Evangelist runs for Governor of Alabama

By Blenda Copeland

It’s his first time running for a political office, but Christian evangelist Scott Dawson is ready to run for Governor of Alabama.

Dawson, age 50, is a lifelong resident of Alabama and is from the Birmingham area. He stopped in Phenix City March 1 to speak to the Russell County Republican Club.

In an interview with The Citizen ahead of his speech, he defined himself as a leader with a vision for the future.

He said he’d be committed to moving conservative principles forward and helping communicate with the next generation. While he said he doesn’t “wear” his religion on his sleeve, he does not shy away from sharing that Jesus Christ has changed his life.

“I think through issues with a Biblical world view,” he said.

Dawson said if he is elected, he would like to encourage residents to be proud of Alabama. He referenced past high profile political scandals that have brought embarrassment to the state.

“Character does matter,” he said, saying that character is built over a lifetime.

Dawson said that he currently continues preaching as an employed evangelist through Scott Dawson Evangelical Association (SDEA) in Birmingham, which was established in 1987 according to the SDEA Web site. He is not a pastor of a particular church. He identifies himself as a Christian.

“I’m a follower of Jesus Christ,” he said. Upon further inquiry, he affiliates himself with the Southern Baptist denomination.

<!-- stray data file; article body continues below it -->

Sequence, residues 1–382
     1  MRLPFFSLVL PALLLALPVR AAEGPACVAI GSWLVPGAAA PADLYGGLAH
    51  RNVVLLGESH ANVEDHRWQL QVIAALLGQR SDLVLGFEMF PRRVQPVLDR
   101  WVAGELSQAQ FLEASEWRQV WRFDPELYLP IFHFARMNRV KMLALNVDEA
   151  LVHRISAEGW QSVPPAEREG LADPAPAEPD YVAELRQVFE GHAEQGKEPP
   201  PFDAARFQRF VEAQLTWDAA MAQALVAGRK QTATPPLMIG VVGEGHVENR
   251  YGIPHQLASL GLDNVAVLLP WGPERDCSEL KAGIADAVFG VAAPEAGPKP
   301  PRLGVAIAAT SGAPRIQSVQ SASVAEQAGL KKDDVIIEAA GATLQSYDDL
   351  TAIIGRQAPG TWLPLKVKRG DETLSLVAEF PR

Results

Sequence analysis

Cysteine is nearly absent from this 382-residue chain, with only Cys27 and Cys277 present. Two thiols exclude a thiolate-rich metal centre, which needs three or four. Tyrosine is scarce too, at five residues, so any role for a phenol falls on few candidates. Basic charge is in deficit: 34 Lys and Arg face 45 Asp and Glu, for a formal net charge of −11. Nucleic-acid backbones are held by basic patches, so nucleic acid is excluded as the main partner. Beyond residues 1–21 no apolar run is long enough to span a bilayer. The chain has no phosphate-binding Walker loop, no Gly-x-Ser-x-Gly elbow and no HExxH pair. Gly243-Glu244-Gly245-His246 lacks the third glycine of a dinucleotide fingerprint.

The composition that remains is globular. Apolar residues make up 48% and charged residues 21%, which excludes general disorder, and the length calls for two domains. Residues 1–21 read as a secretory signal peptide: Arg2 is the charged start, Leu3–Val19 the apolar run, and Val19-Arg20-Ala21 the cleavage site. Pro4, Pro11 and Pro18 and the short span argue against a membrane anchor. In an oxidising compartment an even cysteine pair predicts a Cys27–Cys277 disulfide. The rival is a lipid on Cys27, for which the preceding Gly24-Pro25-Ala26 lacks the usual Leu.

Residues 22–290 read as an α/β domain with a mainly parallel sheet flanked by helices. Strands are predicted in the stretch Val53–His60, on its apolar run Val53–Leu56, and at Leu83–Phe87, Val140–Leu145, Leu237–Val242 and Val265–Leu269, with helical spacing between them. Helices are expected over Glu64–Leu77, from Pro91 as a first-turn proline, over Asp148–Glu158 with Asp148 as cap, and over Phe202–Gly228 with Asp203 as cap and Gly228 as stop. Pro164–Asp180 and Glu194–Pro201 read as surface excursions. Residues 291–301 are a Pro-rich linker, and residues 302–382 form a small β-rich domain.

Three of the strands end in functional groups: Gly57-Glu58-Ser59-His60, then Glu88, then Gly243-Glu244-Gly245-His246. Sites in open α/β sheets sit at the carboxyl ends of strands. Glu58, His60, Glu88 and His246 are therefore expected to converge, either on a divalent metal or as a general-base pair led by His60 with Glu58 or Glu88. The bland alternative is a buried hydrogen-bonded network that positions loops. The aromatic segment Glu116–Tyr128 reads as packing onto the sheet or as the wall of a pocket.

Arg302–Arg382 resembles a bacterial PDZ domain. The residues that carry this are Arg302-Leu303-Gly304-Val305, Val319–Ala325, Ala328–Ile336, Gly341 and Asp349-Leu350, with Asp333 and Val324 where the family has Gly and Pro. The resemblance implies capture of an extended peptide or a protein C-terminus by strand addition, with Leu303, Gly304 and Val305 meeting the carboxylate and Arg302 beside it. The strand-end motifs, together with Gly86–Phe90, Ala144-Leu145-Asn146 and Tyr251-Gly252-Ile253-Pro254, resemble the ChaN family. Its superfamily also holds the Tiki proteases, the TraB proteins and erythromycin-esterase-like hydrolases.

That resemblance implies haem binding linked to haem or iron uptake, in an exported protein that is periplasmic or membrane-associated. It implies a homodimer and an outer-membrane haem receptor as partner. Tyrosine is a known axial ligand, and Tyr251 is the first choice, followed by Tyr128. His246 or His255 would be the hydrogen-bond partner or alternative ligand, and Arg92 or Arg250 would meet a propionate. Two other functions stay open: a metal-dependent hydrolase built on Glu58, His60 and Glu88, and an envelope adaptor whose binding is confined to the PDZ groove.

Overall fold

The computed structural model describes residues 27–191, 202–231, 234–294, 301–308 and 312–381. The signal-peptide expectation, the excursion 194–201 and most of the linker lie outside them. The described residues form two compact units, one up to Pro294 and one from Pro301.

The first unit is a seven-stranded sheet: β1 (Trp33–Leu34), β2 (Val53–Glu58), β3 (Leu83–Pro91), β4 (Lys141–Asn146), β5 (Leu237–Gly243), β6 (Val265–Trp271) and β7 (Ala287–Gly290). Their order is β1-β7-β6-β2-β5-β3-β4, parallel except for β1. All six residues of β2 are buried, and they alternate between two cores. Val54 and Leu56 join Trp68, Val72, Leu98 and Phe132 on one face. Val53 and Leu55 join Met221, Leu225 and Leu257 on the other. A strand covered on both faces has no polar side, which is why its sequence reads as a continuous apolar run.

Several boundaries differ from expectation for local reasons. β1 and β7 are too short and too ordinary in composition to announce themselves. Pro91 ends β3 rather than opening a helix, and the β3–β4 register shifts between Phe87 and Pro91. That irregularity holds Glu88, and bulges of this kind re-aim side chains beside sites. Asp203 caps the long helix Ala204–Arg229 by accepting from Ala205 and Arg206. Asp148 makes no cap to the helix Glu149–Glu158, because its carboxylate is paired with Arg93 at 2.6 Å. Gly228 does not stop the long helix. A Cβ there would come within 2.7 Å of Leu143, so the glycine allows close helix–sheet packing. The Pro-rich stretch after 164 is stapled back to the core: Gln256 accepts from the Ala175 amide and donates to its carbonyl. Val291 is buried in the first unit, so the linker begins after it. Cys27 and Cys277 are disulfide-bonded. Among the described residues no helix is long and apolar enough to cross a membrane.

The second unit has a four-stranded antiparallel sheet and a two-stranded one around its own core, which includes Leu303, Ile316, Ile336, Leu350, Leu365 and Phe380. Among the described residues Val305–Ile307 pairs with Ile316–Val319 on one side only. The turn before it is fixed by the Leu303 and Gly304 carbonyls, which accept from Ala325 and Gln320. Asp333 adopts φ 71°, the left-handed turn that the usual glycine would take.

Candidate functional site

According to his campaign Web site, Dawson is a 1985 Ensley High School graduate. The site states he received his Master of Divinity degree in 1993 from Beeson Divinity School, an interdenominational evangelical theological seminary in Birmingham located on the campus of Baptist-affiliated Samford University. It also states he “was ordained in gospel ministry by order of Roebuck Park Baptist Church” and that Dawson has shared the gospel throughout the Southeast for the past 30 years. The Web site further notes Dawson’s involvement in mass youth ministry events that have allowed him “to present the Gospel to over a million people” — a ministry path reminiscent of the trail blazed by the late Rev. Billy Graham, who became known to many as “America’s Pastor” for his mass evangelism efforts in spreading the Gospel of Jesus Christ.

Dawson and his wife Tarra have been married 26 years and have two grown children: a son, age 22; and a daughter, age 18.

According to his campaign Web site, Dawson is in favor of proposing term limits for the state legislature in the same manner that state executive offices and elected judges are term-limited. Regarding education, he’s in favor of abandoning Common Core standards and advocates for the mandatory drug testing for students participating in extracurricular activities. He believes in mentorship programs in education.

Dawson also believes in “defined, limited government.” Further, according to his campaign Web site, regarding prison overcrowding, he said, “We can build the largest prisons on earth and talk about consolidating resources, but if we don’t work to eradicate the source of our problems, those facilities will be overcrowded and deteriorated soon enough.

“I will propose increased partnerships with the faith-based community, non-profits, and vocational schools, and colleges to bring back structure to the daily lives of our prisoners, instructive educational, release and diversion programs for inmates and more effective treatment programs for drug offenders.”

More information about Dawson and his political views on other topics are covered on his campaign Web site, www.scottdawson.com.

Alabama’s primary elections are in June.